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1.
EuropePMC; 2021.
Preprint in English | EuropePMC | ID: ppcovidwho-317400

ABSTRACT

Possible mother-to-child transmission of severe acute respiratory syndrome-coronavirus type 2 (SARS-CoV-2) during pregnancy is still a matter of debate. We studied the impact of SARS-CoV-2 infection on 56 complete households, including 27 newborns whose mothers were pregnant when exposed to the virus. Three perinatal SARS-CoV-2 transmissions with mild symptoms in affected neonates were recorded (two cases confirmed by PCR, the third one based on clinical findings). In addition, we observed a severe eye malformation (unilateral microphthalmia, optic nerve hypoplasia, and congenital retinopathy) associated with maternal SARS-CoV-2 infection in weeks 5 and 6 of embryonic development. This embryopathy could not be explained by other infectious agents, genetic factors, or drug use during pregnancy. Eight other women with a history of SARS-CoV-2 infection prior to gestational week 12, however, delivered healthy infants. Conclusion: The repeated occurrence of mother-to-child transmission in our cohort with risks that remain incompletely understood, such as long-term effects and the possibility of an embryopathy, should sensitize researchers and stimulate further studies as well as strongly support COVID19 vaccination recommendations for pregnant women. Trial registration number: NCT04741412 Date of registration: November 18, 2020

2.
Eur J Pediatr ; 181(1): 413-418, 2022 Jan.
Article in English | MEDLINE | ID: covidwho-1345122

ABSTRACT

The risk and potential consequences of mother-to-child transmission of severe acute respiratory syndrome-coronavirus type 2 (SARS-CoV-2) during pregnancy are still a matter of debate. We studied the impact of SARS-CoV-2 infection on 56 complete households, including 27 newborns whose mothers were pregnant when exposed to the virus. Two PCR-confirmed perinatal SARS-CoV-2 transmissions with mild symptoms in affected neonates were recorded. In addition, we observed a severe eye malformation (unilateral microphthalmia, optic nerve hypoplasia, and congenital retinopathy) associated with maternal SARS-CoV-2 infection in weeks 5 and 6 of embryonic development. This embryopathy could not be explained by other infectious agents, genetic factors, drug use, or maternal disease during pregnancy. Eight other women with a history of SARS-CoV-2 infection prior to gestational week 12, however, delivered healthy infants.Conclusion: The repeated occurrence of mother-to-child transmission in our cohort with risks that remain incompletely understood, such as long-term effects and the possibility of an embryopathy, should sensitize researchers and stimulate further studies as well as support COVID-19 vaccination recommendations for pregnant women. Trial registration number: NCT04741412. Date of registration: November 18, 2020 What is Known: •Materno-fetal transmission of severe acute respiratory syndrome-coronavirus 2 (SARS-CoV-2) during pregnancy has rarely been reported so far, but was demonstrated in isolated cases. What is New: •In a study of complete households with documented SARS-CoV-2 infection, including a cohort of pregnant women, we observed perinatal coronavirus transmission at a higher frequency than expected. •We also describe a newborn boy with an eye malformation reminiscent of rubella embryopathy but associated with early gestation SARS-CoV-2 infection of his mother. •A coronavirus-related embryopathy, reported here for the first time, is a finding that requires further investigation.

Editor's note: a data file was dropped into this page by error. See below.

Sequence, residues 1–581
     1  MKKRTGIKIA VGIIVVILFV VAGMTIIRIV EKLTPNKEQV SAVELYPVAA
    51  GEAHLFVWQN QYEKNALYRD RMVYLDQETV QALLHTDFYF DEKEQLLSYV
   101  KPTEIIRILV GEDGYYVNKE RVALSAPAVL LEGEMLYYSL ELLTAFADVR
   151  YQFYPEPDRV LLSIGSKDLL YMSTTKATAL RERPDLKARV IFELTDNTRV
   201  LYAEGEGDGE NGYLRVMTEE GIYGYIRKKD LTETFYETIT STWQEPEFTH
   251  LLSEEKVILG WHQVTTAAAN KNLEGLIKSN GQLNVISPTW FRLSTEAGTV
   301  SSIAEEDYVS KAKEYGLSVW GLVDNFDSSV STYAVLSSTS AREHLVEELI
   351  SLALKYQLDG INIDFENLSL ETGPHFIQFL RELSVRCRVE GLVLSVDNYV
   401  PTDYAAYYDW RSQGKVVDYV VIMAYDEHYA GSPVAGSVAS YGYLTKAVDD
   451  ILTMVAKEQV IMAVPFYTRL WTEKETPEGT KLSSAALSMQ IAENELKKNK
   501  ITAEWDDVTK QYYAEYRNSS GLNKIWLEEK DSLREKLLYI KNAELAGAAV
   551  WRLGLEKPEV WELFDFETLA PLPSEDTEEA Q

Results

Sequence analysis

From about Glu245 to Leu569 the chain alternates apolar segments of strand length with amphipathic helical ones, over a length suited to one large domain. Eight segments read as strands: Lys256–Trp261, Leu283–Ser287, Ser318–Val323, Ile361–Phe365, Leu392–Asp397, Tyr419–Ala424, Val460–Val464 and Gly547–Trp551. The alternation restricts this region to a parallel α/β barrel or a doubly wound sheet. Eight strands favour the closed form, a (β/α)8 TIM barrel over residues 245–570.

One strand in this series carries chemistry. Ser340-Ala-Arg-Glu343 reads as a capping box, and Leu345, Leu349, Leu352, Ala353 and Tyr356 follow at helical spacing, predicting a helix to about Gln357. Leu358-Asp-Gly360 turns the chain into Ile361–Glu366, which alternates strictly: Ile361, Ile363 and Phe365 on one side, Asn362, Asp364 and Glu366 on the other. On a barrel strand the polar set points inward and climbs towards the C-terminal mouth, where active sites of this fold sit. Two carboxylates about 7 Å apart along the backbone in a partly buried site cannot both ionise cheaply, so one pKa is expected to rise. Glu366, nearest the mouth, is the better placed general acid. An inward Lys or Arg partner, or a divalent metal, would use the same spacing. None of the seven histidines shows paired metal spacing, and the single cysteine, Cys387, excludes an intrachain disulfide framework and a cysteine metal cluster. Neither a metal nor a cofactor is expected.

Subject(s)
COVID-19 , Pregnancy Complications, Infectious , COVID-19 Vaccines , Female , Humans , Infant, Newborn , Infectious Disease Transmission, Vertical , Male , Pregnancy , Pregnancy Outcome , SARS-CoV-2
3.
Monatsschr Kinderheilkd ; 169(5): 451-460, 2021.
Article in German | MEDLINE | ID: covidwho-1047207

ABSTRACT

BACKGROUND: Diabetic ketoacidosis (DKA) is a life-threatening emergency in children and adolescents with manifestation of type 1 diabetes mellitus (DM1) and often associated with delayed diagnosis or previous diagnostic errors. During the coronavirus disease 2019 (COVID-19) lockdown period in Germany, less patients presented at emergency departments and private practices. OBJECTIVE: The aim of this study was to investigate the DKA risk in children and adolescents with DM1 manifestation during the COVID-19 lockdown and associated risk factors. MATERIAL AND METHODS: The frequency of DKA at DM1 onset in patients <18 years between 13 March and 13 May 2020 in pediatric diabetes centers was analyzed. The centers also documented their assessment, if the presentation was delayed or the diagnosis was not made on the first medical consultation. In order to analyze the influence of the risk factors on the frequency of DKA, the data from 2020 were compared with the same periods in 2018 and 2019 using multivariable linear and logistic regression. RESULTS: The data of 532 patients from 216 diabetes centers showed that the risk for DKA increased by 84.7% and the risk for severe DKA increased by 45.3% compared to the years 2018/2019. Children <6 years had the highest risk with an 141.6% increase for DKA and 97.0% for severe DKA compared to the previous years. Migration background was a risk factor independent of COVID-19. Of the patients 31% had either a delayed presentation or a missed diagnosis. CONCLUSION: During the COVID-19 lockdown the frequency of DKA and severe DKA at DM1 onset was significantly increased for children and adolescents in Germany. Age <6 years, migration background and delayed diagnosis were the main risk factors.

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